Chapter 1 was removed from the book by Kevin's publisher. It gives an interesting insight into HIS perspective on how he came to be known as Public Enemy Number 1 on the Internet, the feud with John Markoff, the Takedown film, as well as how he got into social engineering in the first place (getting free rides on the bus...)

    The Register have it here [212.100.234.54].
  • by phr2 (545169) on Tuesday January 14, 2003 @12:50PM (#5081693)
    Here's a review by Rob Slade [victoria.tc.ca] that's quite a bit more detailed than MasterSLATE's review.

    Before seeing Slade's review, I read most of The Art of Deception at the bookstore and decided not to buy it. I agree with most of what Slade says. The book is mostly aimed at PHB types and doesn't say all that much useful to techies. However, as a security implementer, I don't think trying to install paranoia in PHB's is such a bad thing. They are often completely unrealistic about vulnerabilities, so it's good to open their eyes a little.

  • by jeffy124 (453342) on Tuesday January 14, 2003 @12:50PM (#5081695) Homepage Journal
    ...and it seemed quite boring to me, probably because he was preaching to the choir when it comes to security people, as the book was geared more for CIOs and other management types.

    He had an interesting way of presenting various stories of of how people can penetrate by switching to a first-person view of both the victim and then the attacker. It was a bit annoying how the "attacker" would be portrayed as 1337 sometimes, but it was an interesting approach, especially since some of the stories were possibly Mitnick himself.

    Overall, though, I was underwhelmed.
  • by webword (82711) on Tuesday January 14, 2003 @12:51PM (#5081698) Homepage
    I'm reading this book now. Surprisingly, it isn't so much about technology and security. Instead, it is more about understanding humans. Despite the sterotype that geeks have for being socially incompetent, to be a truly good hacker using social engineering, you have to be good socially. Maybe not great, but pretty good. And, you need to know the right language and the right people to communicate with. Mitnik does a great job with this stuff and I am really enjoying the book. (However, I'm not so sure his tactics will work as well as they did a few years ago.)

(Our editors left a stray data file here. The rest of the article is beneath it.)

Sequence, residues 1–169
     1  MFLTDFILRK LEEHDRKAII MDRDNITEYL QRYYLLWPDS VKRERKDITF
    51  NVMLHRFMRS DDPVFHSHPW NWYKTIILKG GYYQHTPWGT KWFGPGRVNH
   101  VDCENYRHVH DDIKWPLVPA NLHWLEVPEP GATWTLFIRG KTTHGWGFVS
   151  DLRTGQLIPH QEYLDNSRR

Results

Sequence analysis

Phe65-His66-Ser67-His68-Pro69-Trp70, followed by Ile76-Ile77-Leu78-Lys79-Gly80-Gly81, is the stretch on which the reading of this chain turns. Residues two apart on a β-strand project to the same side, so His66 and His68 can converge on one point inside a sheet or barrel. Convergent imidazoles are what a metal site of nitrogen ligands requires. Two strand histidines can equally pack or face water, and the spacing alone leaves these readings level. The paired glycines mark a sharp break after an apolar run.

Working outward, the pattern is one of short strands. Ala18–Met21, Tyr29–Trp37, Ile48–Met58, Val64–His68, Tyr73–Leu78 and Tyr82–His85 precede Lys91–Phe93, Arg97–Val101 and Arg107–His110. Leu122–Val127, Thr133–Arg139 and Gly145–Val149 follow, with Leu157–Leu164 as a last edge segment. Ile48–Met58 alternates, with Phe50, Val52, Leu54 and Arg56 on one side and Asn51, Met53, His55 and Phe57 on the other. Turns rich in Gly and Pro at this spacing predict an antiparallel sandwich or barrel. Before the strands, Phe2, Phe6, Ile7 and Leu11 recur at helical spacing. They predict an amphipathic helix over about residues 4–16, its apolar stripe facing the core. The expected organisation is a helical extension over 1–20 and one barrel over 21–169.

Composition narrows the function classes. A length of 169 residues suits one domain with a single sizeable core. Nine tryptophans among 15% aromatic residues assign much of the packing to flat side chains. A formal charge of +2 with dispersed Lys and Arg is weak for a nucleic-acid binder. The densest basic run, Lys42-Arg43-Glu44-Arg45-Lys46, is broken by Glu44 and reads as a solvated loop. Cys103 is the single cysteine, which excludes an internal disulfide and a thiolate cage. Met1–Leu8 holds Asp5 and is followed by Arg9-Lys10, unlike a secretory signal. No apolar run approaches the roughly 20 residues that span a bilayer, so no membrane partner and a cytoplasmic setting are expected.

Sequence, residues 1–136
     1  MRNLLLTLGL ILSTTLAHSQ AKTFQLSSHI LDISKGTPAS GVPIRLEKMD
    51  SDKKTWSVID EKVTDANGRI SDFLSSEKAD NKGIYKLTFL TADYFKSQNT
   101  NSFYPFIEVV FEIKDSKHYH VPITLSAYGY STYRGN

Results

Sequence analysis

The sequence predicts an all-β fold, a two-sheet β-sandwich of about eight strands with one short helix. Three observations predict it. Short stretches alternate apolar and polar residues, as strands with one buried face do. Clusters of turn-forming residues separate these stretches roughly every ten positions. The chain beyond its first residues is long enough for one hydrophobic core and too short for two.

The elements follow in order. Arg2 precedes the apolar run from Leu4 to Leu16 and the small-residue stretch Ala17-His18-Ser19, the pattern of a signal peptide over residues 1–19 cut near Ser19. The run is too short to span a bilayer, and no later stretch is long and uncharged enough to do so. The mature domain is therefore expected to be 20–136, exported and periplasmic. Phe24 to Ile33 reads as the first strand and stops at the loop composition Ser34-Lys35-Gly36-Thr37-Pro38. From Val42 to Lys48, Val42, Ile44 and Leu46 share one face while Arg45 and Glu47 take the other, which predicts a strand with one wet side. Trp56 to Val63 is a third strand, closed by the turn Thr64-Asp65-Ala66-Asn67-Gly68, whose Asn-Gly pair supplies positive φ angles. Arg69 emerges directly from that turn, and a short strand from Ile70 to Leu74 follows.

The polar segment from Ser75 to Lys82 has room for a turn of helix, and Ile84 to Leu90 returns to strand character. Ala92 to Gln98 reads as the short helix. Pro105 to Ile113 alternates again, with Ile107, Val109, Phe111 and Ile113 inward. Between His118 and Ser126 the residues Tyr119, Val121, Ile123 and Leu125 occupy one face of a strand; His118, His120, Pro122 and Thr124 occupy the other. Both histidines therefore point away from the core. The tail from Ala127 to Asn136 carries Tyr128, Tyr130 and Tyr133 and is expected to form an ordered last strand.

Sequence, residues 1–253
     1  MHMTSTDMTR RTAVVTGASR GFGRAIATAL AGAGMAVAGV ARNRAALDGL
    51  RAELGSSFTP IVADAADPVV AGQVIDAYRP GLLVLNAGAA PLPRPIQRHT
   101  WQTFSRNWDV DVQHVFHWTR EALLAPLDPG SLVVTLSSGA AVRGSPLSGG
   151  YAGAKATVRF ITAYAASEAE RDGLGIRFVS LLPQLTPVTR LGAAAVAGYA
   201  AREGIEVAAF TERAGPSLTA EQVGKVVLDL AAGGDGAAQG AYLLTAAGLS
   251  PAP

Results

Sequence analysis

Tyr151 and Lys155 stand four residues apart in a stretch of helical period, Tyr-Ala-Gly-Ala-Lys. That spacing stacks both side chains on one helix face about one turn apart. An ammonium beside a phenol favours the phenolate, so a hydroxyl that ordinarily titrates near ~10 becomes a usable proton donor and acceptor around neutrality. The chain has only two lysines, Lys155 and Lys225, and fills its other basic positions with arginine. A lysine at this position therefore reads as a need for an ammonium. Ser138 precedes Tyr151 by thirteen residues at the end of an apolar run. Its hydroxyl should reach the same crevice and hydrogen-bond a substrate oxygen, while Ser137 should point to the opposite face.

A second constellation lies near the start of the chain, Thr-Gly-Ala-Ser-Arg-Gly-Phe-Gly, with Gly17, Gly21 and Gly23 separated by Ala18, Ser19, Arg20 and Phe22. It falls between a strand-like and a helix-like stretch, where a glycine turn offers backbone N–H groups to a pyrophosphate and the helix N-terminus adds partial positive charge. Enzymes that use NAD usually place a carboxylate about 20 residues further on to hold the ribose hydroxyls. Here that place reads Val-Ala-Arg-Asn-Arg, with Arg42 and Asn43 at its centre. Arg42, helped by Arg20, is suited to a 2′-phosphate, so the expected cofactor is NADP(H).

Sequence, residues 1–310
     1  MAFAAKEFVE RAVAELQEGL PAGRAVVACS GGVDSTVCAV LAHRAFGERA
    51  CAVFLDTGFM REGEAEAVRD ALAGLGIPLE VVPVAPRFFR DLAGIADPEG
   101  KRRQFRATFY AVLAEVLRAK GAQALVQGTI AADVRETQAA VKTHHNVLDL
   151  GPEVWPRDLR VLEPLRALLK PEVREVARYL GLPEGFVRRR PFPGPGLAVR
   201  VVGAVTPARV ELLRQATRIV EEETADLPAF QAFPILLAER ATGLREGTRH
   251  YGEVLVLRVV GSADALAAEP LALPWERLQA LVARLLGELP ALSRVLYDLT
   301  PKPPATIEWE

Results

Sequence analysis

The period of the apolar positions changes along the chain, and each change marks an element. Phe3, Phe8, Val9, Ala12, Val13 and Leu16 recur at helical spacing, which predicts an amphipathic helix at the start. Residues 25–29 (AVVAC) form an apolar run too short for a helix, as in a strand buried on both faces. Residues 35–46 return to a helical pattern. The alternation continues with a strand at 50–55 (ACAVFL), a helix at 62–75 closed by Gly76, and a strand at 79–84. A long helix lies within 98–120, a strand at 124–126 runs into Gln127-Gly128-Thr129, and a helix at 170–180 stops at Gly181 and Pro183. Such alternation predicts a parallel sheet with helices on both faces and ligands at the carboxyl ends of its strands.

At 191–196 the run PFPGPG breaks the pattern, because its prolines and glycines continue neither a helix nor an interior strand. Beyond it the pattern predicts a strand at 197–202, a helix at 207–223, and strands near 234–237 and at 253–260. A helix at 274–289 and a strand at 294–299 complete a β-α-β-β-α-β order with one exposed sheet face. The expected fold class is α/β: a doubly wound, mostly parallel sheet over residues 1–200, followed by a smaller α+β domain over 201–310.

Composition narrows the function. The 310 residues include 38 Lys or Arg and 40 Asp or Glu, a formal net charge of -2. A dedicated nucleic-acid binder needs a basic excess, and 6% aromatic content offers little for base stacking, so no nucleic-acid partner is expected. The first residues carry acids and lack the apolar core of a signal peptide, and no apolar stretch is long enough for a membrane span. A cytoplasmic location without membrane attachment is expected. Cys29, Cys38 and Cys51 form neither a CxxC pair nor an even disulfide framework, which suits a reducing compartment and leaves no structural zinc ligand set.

Here are some pretty good resources for learning more about social engineering:

    Social Engineering: What is it, why is so little said about it and what can be done? [sans.org]

    Social Engineering Fundamentals, Part I: Hacker Tactics [securityfocus.com]

    Social Engineering: The Human Side Of Hacking [earthweb.com]
    • Dammit, I was halfway through writing my own review for this book! Anyway, on with my post:

      You wrote: "However, I'm not so sure his tactics will work as well as they did a few years ago"

      That's because we're so much smarter about security now, right?

      Well, we are smarter now. We are the people who have been around computers for a few years now (enough to be intersted in /. reviews of security books). However, every single day there's a new sucker using a computer for the very first time.

      I'm absolutely certain that I could sucessfully use all of those tricks against the company I currently work for.

      • That's because we're so much smarter about security now, right?

        Wow, what a great point. +1 Insightful, totally.

        I'm absolutely certain that I could sucessfully use all of those tricks against the company I currently work for.

        Hehehe. Good point. That's really funny, dude.

        What company? ...

        Oh. Actually, I bet you say in your bio/journal...
    • Surprisingly, it isn't so much about technology

      Surprisingly, this can happen when you spend the evolution of most current technology in a cave somewhere or, say, jail?

  • On Mitnick (Score:4, Insightful)

    by Anonymous Coward on Tuesday January 14, 2003 @12:55PM (#5081724)
    Am I the only participant to this forum who thinks that any admiration on Mitnick is admiration on a crook? As this book clearly seems to illustrate, the basis of his success as a cracker was his ruthlessness and willingness to lie and deceive people, rather than his technical prowess.

    I.e. Mr. Mitnick is a criminal, who may or may not have extraordinary technological savvy; all those years in jail, and post-jail constraints, were surely well-deserved.